• Henne, P., Niemi, L., Pinillos, A, De Brigard, F., Knobe, J. (2019). A counterfactual explanation of the action effect. Cognition. Preprint
  • Niemi, L., Leone, C., Boychuk, N., Hadjis, Z., Roussos, G., Warchol, M., You, L. (2019).  Extraordinary duties, extraordinary stressors: Assessing the need and potential for innovative approaches to first responders’ stress injuries. White paper: PDF.
  • Niemi, L., Woodring, M., Young, L., Cordes, S. (2019). Partisan mathematical processing of political polling statistics: It’s the expectations that count. Cognition,186, 95-107. PDF.
  •  Niemi, L. & Graham, J. (2018). Acknowledging and managing deep constraints on moral agency and the self. [Commentary on Doris]. Behavioral and Brain Sciences, DOI 10.1017/S0140525X17001182. Online.
  • Niemi, L. (2018). The morally relevant consequences of disgust in the context of sexual assault. In N. Strohminger & V. Kumar (Eds.) The Moral Psychology of Disgust. 
  •  Niemi, L., Wasserman, E., Young, L. (2017). The behavioral and neural signatures of distinct conceptions of fairness. Social Neuroscience, DOI:10.1080/17470919.2017.1333452. PDF.
  • *Hamamouche, K, *Niemi, L., & Cordes, S. (2017). Quantifying a threat: Evidence of a numeric processing bias. *contributed equally. Acta Psychologica, 177, 1-9.
  •  Niemi, L. & Young, L. (2017). Who sees what as fair? Mapping individual differences in valuation of reciprocity, charity, and impartiality. Social Justice Research, DOI 10.1007/s11211-017-0291-4. PDF.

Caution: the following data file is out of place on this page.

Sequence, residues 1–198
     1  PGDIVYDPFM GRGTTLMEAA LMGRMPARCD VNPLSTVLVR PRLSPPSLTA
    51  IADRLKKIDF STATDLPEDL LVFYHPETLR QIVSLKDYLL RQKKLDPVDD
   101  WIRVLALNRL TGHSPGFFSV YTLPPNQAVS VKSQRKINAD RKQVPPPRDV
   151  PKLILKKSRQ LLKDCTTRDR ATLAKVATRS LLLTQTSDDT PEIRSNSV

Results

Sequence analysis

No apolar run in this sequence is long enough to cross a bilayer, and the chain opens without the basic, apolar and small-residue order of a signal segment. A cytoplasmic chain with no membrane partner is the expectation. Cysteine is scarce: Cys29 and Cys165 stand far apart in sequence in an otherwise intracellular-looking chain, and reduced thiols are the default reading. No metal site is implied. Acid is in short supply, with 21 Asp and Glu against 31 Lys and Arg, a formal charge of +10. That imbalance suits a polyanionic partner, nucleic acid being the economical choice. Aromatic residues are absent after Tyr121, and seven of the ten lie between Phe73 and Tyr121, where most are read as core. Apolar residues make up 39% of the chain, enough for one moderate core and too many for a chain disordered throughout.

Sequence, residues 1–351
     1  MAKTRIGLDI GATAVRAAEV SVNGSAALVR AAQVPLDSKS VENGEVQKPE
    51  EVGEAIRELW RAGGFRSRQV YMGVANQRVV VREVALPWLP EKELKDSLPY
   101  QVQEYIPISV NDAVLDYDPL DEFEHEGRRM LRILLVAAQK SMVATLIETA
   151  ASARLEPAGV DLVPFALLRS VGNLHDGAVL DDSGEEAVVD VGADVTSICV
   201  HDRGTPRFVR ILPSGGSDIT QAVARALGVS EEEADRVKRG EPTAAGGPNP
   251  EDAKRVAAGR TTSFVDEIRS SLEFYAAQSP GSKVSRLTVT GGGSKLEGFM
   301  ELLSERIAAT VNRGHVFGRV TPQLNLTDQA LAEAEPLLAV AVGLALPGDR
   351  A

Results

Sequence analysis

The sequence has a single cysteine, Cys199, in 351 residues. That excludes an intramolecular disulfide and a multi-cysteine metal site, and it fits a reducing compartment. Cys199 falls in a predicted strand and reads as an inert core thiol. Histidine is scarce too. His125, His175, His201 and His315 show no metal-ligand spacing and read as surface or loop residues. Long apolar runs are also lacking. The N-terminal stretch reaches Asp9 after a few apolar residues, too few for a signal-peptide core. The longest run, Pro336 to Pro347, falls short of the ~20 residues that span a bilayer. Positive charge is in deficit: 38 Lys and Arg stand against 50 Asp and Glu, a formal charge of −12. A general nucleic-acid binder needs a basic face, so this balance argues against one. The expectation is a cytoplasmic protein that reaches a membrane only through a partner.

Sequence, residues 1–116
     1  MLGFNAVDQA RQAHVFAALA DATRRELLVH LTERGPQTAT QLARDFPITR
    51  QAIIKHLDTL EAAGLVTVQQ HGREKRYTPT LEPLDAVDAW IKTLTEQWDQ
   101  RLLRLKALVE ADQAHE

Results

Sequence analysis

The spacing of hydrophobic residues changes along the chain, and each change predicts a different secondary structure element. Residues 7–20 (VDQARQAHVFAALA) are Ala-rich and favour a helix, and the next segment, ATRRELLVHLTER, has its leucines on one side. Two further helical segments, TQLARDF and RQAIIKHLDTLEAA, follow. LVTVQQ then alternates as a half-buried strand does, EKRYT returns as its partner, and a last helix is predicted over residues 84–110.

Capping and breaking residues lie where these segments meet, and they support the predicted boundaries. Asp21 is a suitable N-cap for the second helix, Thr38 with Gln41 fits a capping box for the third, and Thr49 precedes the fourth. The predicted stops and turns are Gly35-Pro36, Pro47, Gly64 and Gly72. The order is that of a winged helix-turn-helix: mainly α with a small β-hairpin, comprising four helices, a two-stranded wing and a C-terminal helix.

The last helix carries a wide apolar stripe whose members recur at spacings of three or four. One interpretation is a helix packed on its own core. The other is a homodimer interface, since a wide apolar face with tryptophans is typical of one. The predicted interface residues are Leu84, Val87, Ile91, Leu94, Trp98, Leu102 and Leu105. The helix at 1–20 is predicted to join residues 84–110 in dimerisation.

•  Niemi, L. (2017). Victim-blaming. In K. Nadal (Ed.) The SAGE Encyclopedia of Psychology and Gender, pp. 1756-1757. London: UK. 
  •  Niemi, L. & Young, L. (2016). When and why we see victims as responsible: The impact of ideology on attitudes toward victims. Personality and Social Psychology Bulletin, 42(9), 1227-1242. PDF
  • Niemi, L. & Young, L. (2016). Justice and the moral lexicon. Psychological Inquiry, 27(1), 50-54. PDF.
  • Niemi, L., Hartshorne, J., Gerstenberg, T. & Young, L. (2016). Implicit measurement of motivated causal attribution. Proceedings of the 38th Annual Conference of the Cognitive Science Society
  • Niemi, L. & Young, L. (2014). Blaming the victim in the case of rape. Psychological Inquiry, 25(2), 230-233. PDF
  • Niemi, L. & Young, L. (2013). Caring across boundaries versus keeping boundaries intact: Links between moral values and interpersonal orientations. PLOS ONE, 8(12). PDF

*Contributed equally

Name changed from Laura Niemi Young (Young, L. N.) to Laura Niemi (Niemi, L.) in 2013.

My dissertation research was advised by Dr. Liane Young and conducted at the Morality Lab at Boston College and the Harvard Center for Brain Science. In this work “Interrogating Moral Values: The meta-ethical implications of associations among moral values, interpersonal orientations, and neural substrates”, I investigated the cognitive & neural mechanisms associated with people’s diverse views on morality. Access some previews of my papers.